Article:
"* * * [here follows various calculations on indemnity payments to be repaid if the $50.00 policy were declined or on premium refunds] * * * if you elect to accept the $50.00 weekly coverage * * *."
"Sincerely yours, R. J. Poblocki, Claim Examiner."
Cf. Needham v. American National Ins. Co., Tex.Civ.App., 97 S.W.2d 1016 (writ dismissed)
"The Trial Court erred:
"3. In finding and concluding that Appellee is entitled to the present value of the policy and the statutory penalty and attorney's fees because there is no evidence, or there is insufficient evidence to establish an anticipatory breach of the policy."
"Pursuant to the certificate of insurance issued by you to Dr. Harry Leslie Klotz * * * and further pursuant to the statutes * * * and the penalties * * *, including the 12% damages and * * * attorney's fees * * * in Article 3.62 of the Insurance Code * *, please be advised;
"Repeated demands have been made upon you for payment under this policy; * * *
"You have waived any further proof, if further proof was to be otherwise required, and have denied liability.
"You have tendered a substitute policy to Dr. Klotz wholly repudiating the certificate which he holds.
"You disclaim liability not on the terms of the policy itself * * * but you claim that the facts at the time of Dr. Klotz's application were not such as to entitle him to a policy as applied for and as written.
"We now, and again, tender you any proof you reasonably desire and seasonably request.
"In view, however, of your outright repudiation without just cause or excuse, Dr. Klotz has elected to mature the full indemnity and all installments under such certificate or policy. He now, therefore, makes formal demand upon you for payment of the entire 520 weeks indemnity at $100 per week, less $400 previously paid by you prior to your repudiation of the policy. Such demand hereby made is therefore for the sum of $51,600.00, discounted to present value at such rate as the law requires."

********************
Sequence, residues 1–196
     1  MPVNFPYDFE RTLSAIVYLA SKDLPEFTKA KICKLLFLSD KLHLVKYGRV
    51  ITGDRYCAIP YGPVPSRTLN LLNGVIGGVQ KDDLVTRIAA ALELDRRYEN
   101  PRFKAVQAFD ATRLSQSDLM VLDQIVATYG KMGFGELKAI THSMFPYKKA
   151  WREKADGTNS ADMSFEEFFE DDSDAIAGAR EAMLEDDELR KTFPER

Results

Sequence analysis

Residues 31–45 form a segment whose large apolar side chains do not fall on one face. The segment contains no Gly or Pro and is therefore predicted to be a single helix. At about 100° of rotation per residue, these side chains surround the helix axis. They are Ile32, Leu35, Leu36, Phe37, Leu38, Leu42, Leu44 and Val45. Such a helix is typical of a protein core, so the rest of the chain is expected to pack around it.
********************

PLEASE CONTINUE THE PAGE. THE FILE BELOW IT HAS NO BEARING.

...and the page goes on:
Tex. Insurance Code, Art. 3.62:
"In all cases where a loss occurs and the * * * life, health and accident insurance company liable therefor shall fail to pay the same within thirty days after demand therefor, such company shall be liable to pay * * * in addition to the amount of the loss, twelve (12%) per cent damages on the amount of such loss together with reasonable attorney fees for the prosecution and collection of such loss. * * * The Court in fixing such fees shall take into consideration all benefits to the insured incident to the prosecution of the suit, accrued and to accrue on account of such policy." Tex.Rev.Civ.Stat.Ann. (Vernon) Insurance Code, Art. 3.62.
Texas "* * * courts hold that the * * * article [3.62] is highly penal, that it must be strictly construed * *." Washington Fidelity Nat. Ins. Co. v. Williams, 49 S.W.2d 1093, 1094 (Com. App. opinion approved)
Penalties are not, for example, recoverable in a suit demanding payment in accordance with the policy terms of the cash surrender value. General American Life Ins. Co. v. Martin, Tex.Civ.App., 137 S.W.2d 139.
We do not regard American National Insurance Co. v. Fox, Tex.Civ.App., 184 S.W.2d 937 (writ refused w.m.), either to the contrary or compelling a contrary result. The Insurer did not question liability for penalties and attorney's fees; but contended merely that such penalties — fees should have been based on the amount of installments accrued and not on the future installments
The immediate question under the Texas venue statute, Tex.Rev.Civ.Stat.Ann. (Vernon), Art. 1995, § 28, was whether a suit for damages measured by the present value at the time of the anticipatory breach was within the exception "Suits on policies" allowing the plaintiff to commence such an action in his home county
Findings of fact:
"20. I find that the insured by letter in writing made demand of the insurer that it recognize and perform the contract and that it pay in full the benefits provided for therein; that such demand was made more than 30 days prior to the filing of this suit, and that the insured refused to perform the contract, and asserted its invalidity because of alleged misrepresentations, and that the insurer has at all times since June, 1956, failed and refused to pay the benefits provided for therein."
Pace Corporation v. Jackson, Tex., 284 S.W.2d 340, is not to the contrary. There the initial anticipatory breach continued with no inconsistent action by the innocent party right up to the filing of the repudiating party's suit for declaratory judgment. In such circumstances, more nearly comparable to the situation here had the August 4 demand letter not been sent, the Texas Supreme Court allowed damages for anticipatory breach asserted by the counterclaim